March 31, 2018
 
January 1, 2018
 
December 31, 2017
Billed receivables
$
281,196

 
$
236,113

 
$
236,113

Unbilled receivables
89,282

 
88,767

 
81,454

Allowance for doubtful accounts
(6,298
)
 
(6,157
)
 
(6,157
)
Receivables—net
$
364,180

 
$
318,723

 
$
311,410


Receivables at March 31, 2018 are expected to be substantially collected within one year except for approximately $1.5 million, of which 97% is related to receivables from sales to the U.S. government or from contracts in which we acted as a subcontractor to other contractors selling to the U.S. government. We do not believe that we have significant exposure to credit risk as billed receivable and unbilled receivables are primarily due from the U.S. government. The allowance for doubtful accounts represents our estimate for exposure to compliance, contractual issues and bad debts related to prime contractors.

The following table discloses contract liabilities (in thousands):

 
March 31, 2018
 
January 1, 2018
 
December 31, 2017
Contract liabilities
$
21,876

 
$
22,156

 
$
18,816


Changes in the balances of contract assets and contract liabilities are primarily due to the timing difference between our performance and our customers' payments. Other changes in these balances could include business combinations, impairment of contract assets and cumulative catch-up adjustments arising from changes in the measure of progress, changes in estimates of the transaction price or contract modifications. For the three months ended March 31, 2018, the amount of revenue that was included in the opening contract liabilities balance was $2.3 million.


10



The remaining performance obligation as of March 31, 2018 is $2.3 billion. The following table discloses when we expect to recognize the remaining performance obligation as revenue (in billions).
For the remaining nine months ending December 31, 2018
 
For the year ending
 
 
 
December 31, 2019
 
December 31, 2020
 
Thereafter
$
1.2

 
$
0.6

 
$
0.2

 
$
0.3


4.
Acquisitions

InfoZen LLC (InfoZen)—On October 2, 2017, we completed the acquisition of InfoZen. The results of InfoZen's operations have been included in our consolidated financial statements since that date. The acquisition was completed through an equity purchase agreement dated September 15, 2017, by and among InfoZen LLC., IZ Holdings, LLC and other beneficiaries and ManTech Advanced Systems International, Inc. We funded the acquisition with cash on hand and borrowings on our revolving credit facility. InfoZen is a leading IT solution provider, with domain expertise in modernization, agile/DevOps software development, cloud migration and threat monitoring and assessment capabilities in support of critical national and homeland security missions. The purchase agreement did not contain provisions for contingent consideration.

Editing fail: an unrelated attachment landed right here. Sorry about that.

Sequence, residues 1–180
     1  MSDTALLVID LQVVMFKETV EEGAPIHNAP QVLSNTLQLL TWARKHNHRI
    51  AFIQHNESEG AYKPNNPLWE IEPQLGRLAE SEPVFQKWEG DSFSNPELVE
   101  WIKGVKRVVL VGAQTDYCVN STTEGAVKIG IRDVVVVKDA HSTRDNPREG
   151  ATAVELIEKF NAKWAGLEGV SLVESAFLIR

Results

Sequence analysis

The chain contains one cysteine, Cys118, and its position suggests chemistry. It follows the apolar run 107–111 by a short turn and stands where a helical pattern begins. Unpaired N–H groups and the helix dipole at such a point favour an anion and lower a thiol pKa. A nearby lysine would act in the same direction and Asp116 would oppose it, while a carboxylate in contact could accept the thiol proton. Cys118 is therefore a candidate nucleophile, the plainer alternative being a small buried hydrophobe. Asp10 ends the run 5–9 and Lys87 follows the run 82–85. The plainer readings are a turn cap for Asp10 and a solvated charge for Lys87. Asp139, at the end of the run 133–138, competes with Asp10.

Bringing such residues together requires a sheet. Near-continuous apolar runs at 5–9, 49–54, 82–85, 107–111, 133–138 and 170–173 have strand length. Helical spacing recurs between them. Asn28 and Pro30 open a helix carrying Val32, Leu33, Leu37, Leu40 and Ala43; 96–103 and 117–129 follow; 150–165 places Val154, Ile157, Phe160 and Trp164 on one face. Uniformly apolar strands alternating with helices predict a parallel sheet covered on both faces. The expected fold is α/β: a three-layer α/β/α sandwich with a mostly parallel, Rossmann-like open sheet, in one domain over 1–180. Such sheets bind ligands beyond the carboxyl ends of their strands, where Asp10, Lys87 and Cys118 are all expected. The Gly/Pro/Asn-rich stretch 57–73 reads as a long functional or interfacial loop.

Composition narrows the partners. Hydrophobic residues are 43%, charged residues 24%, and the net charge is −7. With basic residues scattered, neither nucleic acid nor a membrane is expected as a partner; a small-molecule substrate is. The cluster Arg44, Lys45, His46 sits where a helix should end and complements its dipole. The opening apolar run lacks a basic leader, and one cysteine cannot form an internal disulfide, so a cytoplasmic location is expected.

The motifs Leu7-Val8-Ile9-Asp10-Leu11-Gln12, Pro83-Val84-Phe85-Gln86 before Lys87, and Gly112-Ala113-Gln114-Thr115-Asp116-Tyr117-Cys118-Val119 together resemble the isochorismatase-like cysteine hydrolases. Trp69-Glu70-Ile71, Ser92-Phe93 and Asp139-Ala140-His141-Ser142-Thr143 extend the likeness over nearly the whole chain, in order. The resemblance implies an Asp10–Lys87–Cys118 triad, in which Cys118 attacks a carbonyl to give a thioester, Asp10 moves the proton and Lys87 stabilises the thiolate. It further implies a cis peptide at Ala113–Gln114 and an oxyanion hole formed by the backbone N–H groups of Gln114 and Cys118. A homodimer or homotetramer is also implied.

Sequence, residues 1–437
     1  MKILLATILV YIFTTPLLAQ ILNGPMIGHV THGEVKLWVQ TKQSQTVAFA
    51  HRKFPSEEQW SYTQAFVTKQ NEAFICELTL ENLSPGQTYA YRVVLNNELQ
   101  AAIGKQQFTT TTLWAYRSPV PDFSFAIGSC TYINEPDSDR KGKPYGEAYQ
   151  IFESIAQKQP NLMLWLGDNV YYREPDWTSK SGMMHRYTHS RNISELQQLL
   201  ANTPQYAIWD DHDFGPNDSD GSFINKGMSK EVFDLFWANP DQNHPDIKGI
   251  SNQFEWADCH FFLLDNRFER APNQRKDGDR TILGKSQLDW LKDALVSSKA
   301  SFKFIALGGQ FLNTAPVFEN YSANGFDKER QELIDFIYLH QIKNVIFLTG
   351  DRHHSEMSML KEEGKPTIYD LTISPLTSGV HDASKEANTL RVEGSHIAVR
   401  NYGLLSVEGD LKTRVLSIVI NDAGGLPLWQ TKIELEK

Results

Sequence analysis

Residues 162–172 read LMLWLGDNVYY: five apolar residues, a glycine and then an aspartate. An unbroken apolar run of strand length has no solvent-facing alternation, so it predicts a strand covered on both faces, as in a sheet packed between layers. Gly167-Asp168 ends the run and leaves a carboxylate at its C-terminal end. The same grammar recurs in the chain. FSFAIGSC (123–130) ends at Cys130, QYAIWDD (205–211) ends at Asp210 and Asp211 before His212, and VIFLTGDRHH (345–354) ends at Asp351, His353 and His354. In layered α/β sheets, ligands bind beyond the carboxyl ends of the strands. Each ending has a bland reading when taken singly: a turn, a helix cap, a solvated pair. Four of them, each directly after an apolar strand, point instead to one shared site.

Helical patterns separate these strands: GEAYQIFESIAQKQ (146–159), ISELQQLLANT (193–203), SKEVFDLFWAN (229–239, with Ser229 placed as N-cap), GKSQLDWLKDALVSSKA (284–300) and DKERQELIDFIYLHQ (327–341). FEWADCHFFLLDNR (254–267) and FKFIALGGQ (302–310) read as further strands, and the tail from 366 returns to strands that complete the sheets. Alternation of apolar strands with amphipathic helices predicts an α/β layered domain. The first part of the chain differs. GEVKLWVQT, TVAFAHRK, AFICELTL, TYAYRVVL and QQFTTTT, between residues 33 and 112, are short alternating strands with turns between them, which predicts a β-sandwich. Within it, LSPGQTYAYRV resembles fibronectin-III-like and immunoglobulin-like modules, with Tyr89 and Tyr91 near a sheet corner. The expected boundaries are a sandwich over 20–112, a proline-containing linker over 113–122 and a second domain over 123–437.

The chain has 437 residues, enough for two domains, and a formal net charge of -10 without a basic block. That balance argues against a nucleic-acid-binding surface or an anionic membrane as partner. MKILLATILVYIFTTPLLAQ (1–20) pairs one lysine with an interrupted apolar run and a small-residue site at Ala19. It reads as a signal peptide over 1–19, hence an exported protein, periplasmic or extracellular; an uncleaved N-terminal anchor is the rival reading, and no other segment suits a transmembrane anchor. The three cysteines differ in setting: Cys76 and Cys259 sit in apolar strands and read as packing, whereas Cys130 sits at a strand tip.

The preliminary purchase price of $184.0 million, which includes an estimated working capital adjustment, was preliminarily allocated to the underlying assets and liabilities based on their estimated fair value at the date of acquisition. As we are still in the process of reviewing the fair value of the assets acquired and liabilities assumed and in finalizing the closing working capital adjustment, the purchase price allocation for InfoZen is not complete as of March 31, 2018. The goodwill recorded related to this transaction will be deductible for tax purposes over 15 years. Recognition of goodwill is largely attributed to the value paid for InfoZen's capabilities to support customers in modernization, agile software development, cloud migration and threat monitoring and assessment capabilities.

In preliminarily allocating the purchase price, we considered, among other factors, analysis of historical financial performance and estimates of future performance of InfoZen's contracts. The components of other intangible assets associated with the acquisition were customer relationships and backlog valued at $49.2 million and $5.7 million, respectively. Customer contracts and related relationships represent the underlying relationships and agreements with InfoZen's existing customers. Customer relationships are amortized using the pattern of benefits method over their estimated useful lives of approximately 20 years. Backlog is amortized straight-line over its estimated useful life of 1 year. The weighted-average amortization period for the intangible assets is 18 years.

The following table represents the preliminary purchase price allocation for InfoZen (in thousands):

Cash and cash equivalents
$
1,406

Receivables
9,433

Prepaid expenses and other
4,143

Goodwill
129,447

Other intangible assets
54,850

Property and equipment
485

Other assets
111

Accounts payable and accrued expenses
(7,360
)
Accrued salaries and related expenses
(3,089
)
Contract liabilities
(5,432
)
Net assets acquired and liabilities assumed
$
183,994


5.
Earnings Per Share

Under ASC 260, Earnings per Share, the two-class method is an earnings allocation formula that determines earnings per share for each class of common stock according to dividends declared (or accumulated) and participation rights in undistributed earnings. Under that method, basic and diluted earnings per share data are presented for each class of common stock.